I really can't say enough good things about this, although unlike a few other projects like Forest Park, I knew about this a few years ago, and know how good of a songwriter Josh Benash is/can be. So, the end result didn't come out maybe as surprising as some others. But that doesn't change how I love this record and imagine I will go back to often in the future. As in, if I'm up for some Kiss Kiss, I probably will pull this record out as well. In fact, I think in some ways, it may be the best thing Josh has done, which is great to notice. I hope Vuvuzela has a lot more in-store, even with the experience of Kiss Kiss hiatus, perhaps the 2nd time around, will be a little more fruitful for Josh and co.

I must not forget, the upright bass work on this album was played (and written?) by Kiss Kiss bassist James O'Keefe. So, at least part (and more than just Josh) of Kiss Kiss are still making music together in Vuvuzela. But Stephanie Babirak I really enjoy and appreciate her great harp work on this as well as vocals, and drummer Ben Goldstein as well. So, it's not as if Josh didn't surround himself with some great musicians, like he did in Kiss Kiss. But it will certainly be interesting to see what happens with Vuvuzela in the coming years. Hopefully there's more where The Hollow Choir came from.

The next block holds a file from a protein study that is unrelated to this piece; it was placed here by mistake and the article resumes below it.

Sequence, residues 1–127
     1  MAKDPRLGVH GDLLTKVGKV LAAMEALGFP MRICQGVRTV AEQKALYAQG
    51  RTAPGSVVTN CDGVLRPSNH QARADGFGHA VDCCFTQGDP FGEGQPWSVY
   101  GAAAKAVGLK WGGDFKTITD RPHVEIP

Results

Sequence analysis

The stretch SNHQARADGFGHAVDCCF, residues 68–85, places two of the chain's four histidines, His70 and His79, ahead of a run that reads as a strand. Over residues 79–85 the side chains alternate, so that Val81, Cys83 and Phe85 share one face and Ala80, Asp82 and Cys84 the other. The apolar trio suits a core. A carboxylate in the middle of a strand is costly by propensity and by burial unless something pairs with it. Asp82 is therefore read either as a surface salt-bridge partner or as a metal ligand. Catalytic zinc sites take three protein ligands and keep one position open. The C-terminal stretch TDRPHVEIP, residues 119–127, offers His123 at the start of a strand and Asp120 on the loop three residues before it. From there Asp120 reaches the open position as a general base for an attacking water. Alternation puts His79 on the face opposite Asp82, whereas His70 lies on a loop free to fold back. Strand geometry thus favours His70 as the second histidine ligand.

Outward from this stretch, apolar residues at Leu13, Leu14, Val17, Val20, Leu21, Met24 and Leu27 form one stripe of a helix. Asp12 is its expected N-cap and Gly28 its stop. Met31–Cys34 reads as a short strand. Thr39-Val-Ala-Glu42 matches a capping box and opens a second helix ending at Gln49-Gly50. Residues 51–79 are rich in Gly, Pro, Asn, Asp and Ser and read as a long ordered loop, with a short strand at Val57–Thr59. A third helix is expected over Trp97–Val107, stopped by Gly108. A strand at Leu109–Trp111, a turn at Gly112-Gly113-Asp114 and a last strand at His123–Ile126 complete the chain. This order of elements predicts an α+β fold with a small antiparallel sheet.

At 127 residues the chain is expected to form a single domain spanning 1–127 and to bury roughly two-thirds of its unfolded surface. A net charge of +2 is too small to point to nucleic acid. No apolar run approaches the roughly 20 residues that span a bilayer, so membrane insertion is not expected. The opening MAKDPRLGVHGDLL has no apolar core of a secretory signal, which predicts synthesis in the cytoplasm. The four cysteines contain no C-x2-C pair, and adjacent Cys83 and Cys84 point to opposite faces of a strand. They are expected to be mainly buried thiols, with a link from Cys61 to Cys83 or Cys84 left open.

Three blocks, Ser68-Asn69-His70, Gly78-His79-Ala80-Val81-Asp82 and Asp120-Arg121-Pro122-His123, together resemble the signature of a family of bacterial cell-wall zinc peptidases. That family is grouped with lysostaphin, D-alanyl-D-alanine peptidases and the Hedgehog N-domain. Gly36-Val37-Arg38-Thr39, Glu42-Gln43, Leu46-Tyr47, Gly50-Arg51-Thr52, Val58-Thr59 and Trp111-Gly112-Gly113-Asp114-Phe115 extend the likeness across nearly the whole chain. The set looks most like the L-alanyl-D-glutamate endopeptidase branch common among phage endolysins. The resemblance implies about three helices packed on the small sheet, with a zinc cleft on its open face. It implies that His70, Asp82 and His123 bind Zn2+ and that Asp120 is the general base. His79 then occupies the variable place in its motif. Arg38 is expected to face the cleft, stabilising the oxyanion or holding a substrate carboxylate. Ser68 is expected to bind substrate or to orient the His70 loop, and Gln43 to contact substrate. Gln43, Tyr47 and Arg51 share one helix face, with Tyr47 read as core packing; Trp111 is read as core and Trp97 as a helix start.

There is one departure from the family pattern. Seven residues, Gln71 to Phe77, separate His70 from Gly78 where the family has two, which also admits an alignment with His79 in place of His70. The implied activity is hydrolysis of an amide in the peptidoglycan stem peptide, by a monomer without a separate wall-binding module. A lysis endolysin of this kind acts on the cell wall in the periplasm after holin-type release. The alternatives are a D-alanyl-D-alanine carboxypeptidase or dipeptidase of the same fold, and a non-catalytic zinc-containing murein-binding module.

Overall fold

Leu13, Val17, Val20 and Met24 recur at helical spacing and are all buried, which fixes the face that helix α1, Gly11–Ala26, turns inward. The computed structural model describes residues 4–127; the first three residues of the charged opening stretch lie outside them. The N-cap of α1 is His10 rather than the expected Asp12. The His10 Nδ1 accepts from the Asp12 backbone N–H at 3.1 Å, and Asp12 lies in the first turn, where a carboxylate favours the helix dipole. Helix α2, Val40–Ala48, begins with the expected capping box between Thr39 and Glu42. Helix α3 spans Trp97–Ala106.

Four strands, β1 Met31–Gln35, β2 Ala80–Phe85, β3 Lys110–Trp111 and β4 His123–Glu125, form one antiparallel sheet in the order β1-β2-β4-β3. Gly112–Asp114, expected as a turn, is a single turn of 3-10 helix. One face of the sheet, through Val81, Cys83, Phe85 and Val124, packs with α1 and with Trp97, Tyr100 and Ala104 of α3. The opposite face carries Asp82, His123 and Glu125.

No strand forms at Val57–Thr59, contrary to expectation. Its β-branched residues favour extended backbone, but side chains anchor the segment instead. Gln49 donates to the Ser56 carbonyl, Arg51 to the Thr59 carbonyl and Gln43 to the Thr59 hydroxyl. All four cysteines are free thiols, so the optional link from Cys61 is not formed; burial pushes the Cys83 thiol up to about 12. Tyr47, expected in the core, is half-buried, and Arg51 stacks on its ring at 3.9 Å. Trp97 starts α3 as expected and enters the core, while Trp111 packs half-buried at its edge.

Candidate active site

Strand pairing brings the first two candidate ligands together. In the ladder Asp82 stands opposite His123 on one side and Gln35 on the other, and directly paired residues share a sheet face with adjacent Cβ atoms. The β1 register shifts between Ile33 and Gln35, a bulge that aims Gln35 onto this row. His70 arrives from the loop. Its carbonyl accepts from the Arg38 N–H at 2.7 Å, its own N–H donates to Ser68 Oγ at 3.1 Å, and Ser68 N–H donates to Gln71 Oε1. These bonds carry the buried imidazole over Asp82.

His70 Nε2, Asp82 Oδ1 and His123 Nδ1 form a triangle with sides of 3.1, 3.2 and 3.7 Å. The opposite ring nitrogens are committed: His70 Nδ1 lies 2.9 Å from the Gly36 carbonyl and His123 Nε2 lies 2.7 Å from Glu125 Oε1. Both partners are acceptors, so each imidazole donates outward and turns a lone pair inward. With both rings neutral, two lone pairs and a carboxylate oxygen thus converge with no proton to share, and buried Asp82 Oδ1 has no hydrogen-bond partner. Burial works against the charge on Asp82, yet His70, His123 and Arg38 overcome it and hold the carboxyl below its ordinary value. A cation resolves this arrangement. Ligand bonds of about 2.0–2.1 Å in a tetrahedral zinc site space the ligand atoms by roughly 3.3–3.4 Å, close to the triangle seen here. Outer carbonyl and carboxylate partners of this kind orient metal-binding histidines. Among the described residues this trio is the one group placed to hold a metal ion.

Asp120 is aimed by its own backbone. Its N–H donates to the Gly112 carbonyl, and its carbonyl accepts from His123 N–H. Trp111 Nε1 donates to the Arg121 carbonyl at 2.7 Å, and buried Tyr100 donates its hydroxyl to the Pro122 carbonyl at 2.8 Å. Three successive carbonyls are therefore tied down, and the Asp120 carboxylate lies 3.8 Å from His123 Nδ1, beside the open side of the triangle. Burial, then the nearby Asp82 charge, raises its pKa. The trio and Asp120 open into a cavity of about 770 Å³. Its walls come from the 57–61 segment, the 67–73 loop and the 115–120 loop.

2 Brice Plays Drums | Man the Animal Cannon
I'm not sure how in-depth I am going to be able to get about this record, in a blurb that doesn't maybe allow it. But simply put, I fucking love this record, and enjoy it more probably every time I listen to it. Just the little nuances, secondary guitar parts, point-counter-point reflective parts between the guitar and bass, or guitar and piano (or more than 1 guitar?).

This album consists of 3 epics, and I would say you likely have to enjoy multi-movement/multi-part songs to dig this. But of course, when they work well, I am a total sucker for them (and probably regard them as greater than any normal 3-5 minute song, even however great it may be).

"Freight Train Blues" I think it's worth mentioning, even though it's kind of obvious, the fact the rhythm at the beginning sounds like a train starting to take off. I failed to mention that earlier this year. But among the 3 epics on this record, I think I lean towards that being my favorite. But between those little sections of guitar parts, or basslines. Some piano, or the drum rhythms. Or even just Michael Higgins vocal lines, despite some that are not entirely understandable, I think he has improved a fair amount as a singer.

"The Jester" includes one of those great, ironic, lyrics "all the while I'm on the brink. I'll make you clap, or make you think, all the while on the brink, I'll fade my loyality to poison-your-drink!"